Visit Arches and discover a landscape of contrasting colors, landforms and textures unlike any other in the world. The park has over 2,000 natural stone arches, in addition to hundreds of soaring pinnacles, massive fins and giant balanced rocks. This red rock wonderland will amaze you with its formations, refresh you with its trails, and inspire you with its sunsets.
A rugged, whitewater river flowing northward through deep canyons, the New River is among the oldest rivers on the continent. New River Gorge National River in West Virginia encompasses over 70,000 acres of land along the New River, is rich in cultural and natural history, and offers an abundance of scenic and recreational opportunities.
Denali is six million acres of wild land, bisected by one ribbon of road. Travelers along it see the relatively low-elevation taiga forest give way to high alpine tundra and snowy mountains, culminating in North America's tallest peak, 20,310' Denali. Wild animals large and small roam un-fenced lands, living as they have for ages. Solitude, tranquility and wilderness await.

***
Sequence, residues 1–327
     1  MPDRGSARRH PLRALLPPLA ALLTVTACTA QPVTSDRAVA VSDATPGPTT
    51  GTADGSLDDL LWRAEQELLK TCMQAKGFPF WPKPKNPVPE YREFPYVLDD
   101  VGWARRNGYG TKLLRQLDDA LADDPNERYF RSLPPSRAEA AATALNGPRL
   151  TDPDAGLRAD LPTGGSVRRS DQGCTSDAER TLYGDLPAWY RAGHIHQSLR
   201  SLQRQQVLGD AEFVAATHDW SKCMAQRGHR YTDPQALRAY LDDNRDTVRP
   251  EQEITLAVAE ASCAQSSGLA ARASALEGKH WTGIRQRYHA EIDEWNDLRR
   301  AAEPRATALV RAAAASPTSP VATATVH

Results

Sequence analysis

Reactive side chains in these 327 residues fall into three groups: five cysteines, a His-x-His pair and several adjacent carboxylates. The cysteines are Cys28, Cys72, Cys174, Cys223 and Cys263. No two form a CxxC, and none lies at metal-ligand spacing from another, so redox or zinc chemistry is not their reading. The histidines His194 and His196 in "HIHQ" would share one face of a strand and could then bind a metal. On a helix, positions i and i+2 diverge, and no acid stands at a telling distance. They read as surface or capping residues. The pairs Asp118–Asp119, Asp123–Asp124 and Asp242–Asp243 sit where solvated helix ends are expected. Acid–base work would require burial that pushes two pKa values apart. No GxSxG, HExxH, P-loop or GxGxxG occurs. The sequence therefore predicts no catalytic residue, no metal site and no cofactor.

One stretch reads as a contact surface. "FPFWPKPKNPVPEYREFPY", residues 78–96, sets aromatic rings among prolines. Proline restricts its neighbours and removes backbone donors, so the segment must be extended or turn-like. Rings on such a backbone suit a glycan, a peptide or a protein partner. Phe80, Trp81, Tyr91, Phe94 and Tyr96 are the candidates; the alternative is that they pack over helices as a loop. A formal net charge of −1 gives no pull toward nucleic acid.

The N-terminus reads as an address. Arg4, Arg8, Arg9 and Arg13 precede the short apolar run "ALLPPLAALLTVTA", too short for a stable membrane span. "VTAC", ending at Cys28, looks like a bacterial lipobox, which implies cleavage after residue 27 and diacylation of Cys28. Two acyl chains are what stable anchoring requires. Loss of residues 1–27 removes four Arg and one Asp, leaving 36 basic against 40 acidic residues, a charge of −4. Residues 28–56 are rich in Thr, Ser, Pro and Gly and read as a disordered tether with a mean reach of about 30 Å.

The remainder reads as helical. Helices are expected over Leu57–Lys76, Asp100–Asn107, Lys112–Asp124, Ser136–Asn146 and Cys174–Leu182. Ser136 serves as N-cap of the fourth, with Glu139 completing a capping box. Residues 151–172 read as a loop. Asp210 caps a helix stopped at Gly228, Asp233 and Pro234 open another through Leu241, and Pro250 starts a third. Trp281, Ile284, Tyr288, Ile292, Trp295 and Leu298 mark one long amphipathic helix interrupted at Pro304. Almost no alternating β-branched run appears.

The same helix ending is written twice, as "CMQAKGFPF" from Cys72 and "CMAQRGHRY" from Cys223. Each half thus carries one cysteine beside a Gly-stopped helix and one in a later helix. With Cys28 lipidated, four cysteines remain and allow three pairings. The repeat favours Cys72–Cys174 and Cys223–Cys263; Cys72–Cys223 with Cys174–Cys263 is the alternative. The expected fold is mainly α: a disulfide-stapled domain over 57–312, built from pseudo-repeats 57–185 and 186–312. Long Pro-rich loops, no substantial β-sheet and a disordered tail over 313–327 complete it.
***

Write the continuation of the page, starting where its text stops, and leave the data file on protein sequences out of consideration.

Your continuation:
DOINews: New Study Looks at Coral Reef Monitoring Protocols
A new paper in Coral Reefs, titled "Calcification rates of the massive coral Siderastrea siderea and crustose coralline algae along the Florida Keys (USA) outer-reef tract", by lead author and SE Climate Science Center funded researcher, Ilsa Kuffner, posts results from a study exploring the systematic measurements of calcification of the coral, Siderastrea siderea. Systematic measurement of coral calcification is important for quantifying potential impacts from ocean acidification, warming, and/or deteriorating water quality on corals. Additionally, ocean acidification is occurring against a background of increases in sea surface temperature (SST) and changes in water quality stemming from land-use change. It is critical to start measuring calcification rates in a systematic way now, particularly at subtropical latitudes where conditions fluctuate seasonally, so that we can understand how changing ocean chemistry and temperatures are affecting calcifying organisms today and predict possible changes in the future.